On April 28, City Commissioner Chloe Eudaly gave Portlanders some space.
She announced the city would close selected residential streets to all but local traffic, allowing people to bike and walk while maintaining 6 feet distance from each other. This week, Portland transportation officials will begin installing more than 80 barrels at intersections across the city, in an attempt to divert cars away from some neighborhood streets.
"Our streets belong to all of us," said Eudaly in a statement, "and these improvements will allow us to safely walk, bike and roll through the city."
The decision was a reversal of City Hall's initial skepticism of an idea that emerged from Oakland, Calif. (In mid-April, Portland officials said car-free streets would encourage large groups of people to gather, spreading COVID-19.)
It's also an acknowledgement that even law-abiding Portlanders cannot spend a summer indoors without some pressure release valve.
Michael Andersen, a senior researcher at Sightline Institute, says the push to keep people in their backyards ignores how many Portlanders live in apartments or far from parks.
"The official guidelines don't account for the fact that not everybody has a yard or a cul-de-sac," Andersen says. "I cannot imagine what it must be like for a single parent trying to maintain any semblance of distancing. I just think our public plans need to acknowledge that. Staying at home is just not an option for hundreds of thousands of us, and we shouldn't be talking like it is."
On May 5, Gov. Kate Brown further eased the civic claustrophobia, by opening state parks and recreation areas for day use. She followed the lead of Washington Gov. Jay Inslee, just as Eudaly used a model pioneered by Oakland.
So what other ideas could Portland steal to access a little more sunshine this summer? Here are three ideas.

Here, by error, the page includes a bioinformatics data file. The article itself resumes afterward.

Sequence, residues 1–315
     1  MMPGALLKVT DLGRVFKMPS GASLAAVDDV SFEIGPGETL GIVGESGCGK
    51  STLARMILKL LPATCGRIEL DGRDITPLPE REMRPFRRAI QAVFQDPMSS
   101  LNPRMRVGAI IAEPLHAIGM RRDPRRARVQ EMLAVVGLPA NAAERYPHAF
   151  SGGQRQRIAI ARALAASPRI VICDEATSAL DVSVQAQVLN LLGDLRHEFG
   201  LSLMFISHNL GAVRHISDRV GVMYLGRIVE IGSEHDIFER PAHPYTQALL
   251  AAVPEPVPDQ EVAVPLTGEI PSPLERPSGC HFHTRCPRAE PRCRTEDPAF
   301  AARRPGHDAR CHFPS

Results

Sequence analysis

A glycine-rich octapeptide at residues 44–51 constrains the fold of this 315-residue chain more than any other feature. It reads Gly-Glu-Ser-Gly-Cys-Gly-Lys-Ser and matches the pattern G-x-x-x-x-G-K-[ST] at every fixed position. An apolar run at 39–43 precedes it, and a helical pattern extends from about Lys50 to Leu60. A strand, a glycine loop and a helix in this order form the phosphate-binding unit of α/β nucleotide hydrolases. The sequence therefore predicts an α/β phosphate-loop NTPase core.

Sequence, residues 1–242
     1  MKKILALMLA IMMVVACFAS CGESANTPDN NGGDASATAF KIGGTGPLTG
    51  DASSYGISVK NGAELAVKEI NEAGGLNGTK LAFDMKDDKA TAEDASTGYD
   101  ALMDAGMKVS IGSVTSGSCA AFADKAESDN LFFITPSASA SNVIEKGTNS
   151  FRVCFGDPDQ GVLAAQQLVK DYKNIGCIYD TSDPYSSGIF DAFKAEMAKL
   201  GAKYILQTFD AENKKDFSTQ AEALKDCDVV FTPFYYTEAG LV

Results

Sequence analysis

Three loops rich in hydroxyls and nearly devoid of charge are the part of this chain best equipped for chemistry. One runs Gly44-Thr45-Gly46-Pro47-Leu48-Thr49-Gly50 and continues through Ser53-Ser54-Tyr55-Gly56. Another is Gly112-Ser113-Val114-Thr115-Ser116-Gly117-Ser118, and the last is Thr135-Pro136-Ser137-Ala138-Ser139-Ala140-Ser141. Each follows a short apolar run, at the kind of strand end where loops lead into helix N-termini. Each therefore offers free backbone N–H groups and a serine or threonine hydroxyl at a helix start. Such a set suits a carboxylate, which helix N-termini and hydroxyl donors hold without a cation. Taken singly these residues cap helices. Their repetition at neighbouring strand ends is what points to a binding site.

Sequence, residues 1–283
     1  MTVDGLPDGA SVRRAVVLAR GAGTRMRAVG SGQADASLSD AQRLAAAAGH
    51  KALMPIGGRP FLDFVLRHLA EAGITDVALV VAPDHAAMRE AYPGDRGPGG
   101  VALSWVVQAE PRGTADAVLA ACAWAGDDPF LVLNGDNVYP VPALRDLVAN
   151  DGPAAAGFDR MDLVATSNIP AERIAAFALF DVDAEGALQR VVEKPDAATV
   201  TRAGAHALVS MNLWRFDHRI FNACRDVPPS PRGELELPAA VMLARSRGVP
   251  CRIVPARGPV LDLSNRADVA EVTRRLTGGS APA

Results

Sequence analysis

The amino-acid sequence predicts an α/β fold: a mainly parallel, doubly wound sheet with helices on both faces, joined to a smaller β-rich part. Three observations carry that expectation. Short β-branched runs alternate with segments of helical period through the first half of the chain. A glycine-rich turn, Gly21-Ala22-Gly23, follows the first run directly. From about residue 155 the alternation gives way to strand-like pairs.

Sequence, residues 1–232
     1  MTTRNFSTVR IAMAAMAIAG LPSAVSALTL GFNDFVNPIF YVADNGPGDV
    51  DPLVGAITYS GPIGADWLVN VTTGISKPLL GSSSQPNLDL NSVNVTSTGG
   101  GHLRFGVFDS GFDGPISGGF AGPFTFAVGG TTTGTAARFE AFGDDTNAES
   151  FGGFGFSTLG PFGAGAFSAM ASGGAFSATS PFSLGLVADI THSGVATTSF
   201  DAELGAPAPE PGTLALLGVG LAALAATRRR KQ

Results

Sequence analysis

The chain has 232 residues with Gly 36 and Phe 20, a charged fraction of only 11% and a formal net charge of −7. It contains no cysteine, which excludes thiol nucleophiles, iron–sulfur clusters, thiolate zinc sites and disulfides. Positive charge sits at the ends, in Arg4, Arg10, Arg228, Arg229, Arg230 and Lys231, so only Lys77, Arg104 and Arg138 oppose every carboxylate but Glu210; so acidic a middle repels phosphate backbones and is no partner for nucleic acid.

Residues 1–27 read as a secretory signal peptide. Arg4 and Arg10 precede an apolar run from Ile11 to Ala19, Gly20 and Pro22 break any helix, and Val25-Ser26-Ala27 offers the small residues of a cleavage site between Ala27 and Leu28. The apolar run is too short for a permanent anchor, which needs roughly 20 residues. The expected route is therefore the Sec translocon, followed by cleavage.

The idea: Turn golf courses into city parks.
Who's trying it: San Francisco opened the Presidio Golf Course for strolling after the Bay Area's shelter-in-place orders banned golfing. Photos of people picnicking on the fairways went viral; the rolling greens offered plenty of room for parties to remain well apart. Now that orders are relaxed, golf can resume—much to the dismay of San Franciscans who will have a good walk spoiled. "It should be open to the general public at least until the end of the pandemic," schoolteacher Mouna Harifi told the San Francisco Chronicle. "Golfers should be patient."
What Portland officials say: Portland's golf courses never closed. The financial struggles of the city's five municipal golf courses were the subject of a city audit last year—and have led some Portlanders to question whether revenue requirements are the reason city courses are crowded. Portland Parks & Recreation spokesman Mark Ross says that's not the case. "Revenue is not a factor," Ross tells WW. "Portland Parks golf courses are open at this time because Gov. Brown's executive order allowed golf courses to remain open." Mayor Ted Wheeler's office didn't comment by press deadlines.
The idea: Turn city streets into al fresco dining plazas.
Who's trying it: A city councilor near Vancouver, B.C., is championing a proposal to turn the city's public plazas, and some of its downtown streets, into de facto patios for restaurants. That city's business leaders see it as potential salvation for restaurants that would otherwise shutter. "If we don't do it, we're going to see a landscape that's obliterated by the pandemic," Charles Gauthier, executive director of the Downtown Vancouver Business Improvement Association, told The Globe and Mail.
What Portland officials say: Eudaly likes the idea. The policy her office has launched already dedicates street space for people to line up for takeout, and her office says she's planning more. "Commissioner Eudaly is very interested in using the public right of way to expand outdoor dining for Portland's restaurants," says her spokeswoman Margaux Weeke. Portland Business Alliance President Andrew Hoan says his members also have "a willingness to support rethinking how commerce continues."
The idea: Issue hiking permits for the Columbia River Gorge.
Who's trying it: We can't find any recreation area that's managing pandemic crowds with an advance reservation system. But the U.S. Forest Service already limits hikers in popular spots: You have to get a permit to hike Dog Mountain during wildflower season. The Gorge was flooded by Portlanders in the early days of the pandemic—the traffic jams led the Forest Service to shut trails down. But making a reservation for the woods? That sounds like an elegant solution.
What Portland officials say: Rachel Pawlitz, the spokeswoman for the Columbia River Gorge Natural Scenic Area, says the idea of issuing permits for popular spots like Multnomah Falls and the Cape Horn Trail is being discussed.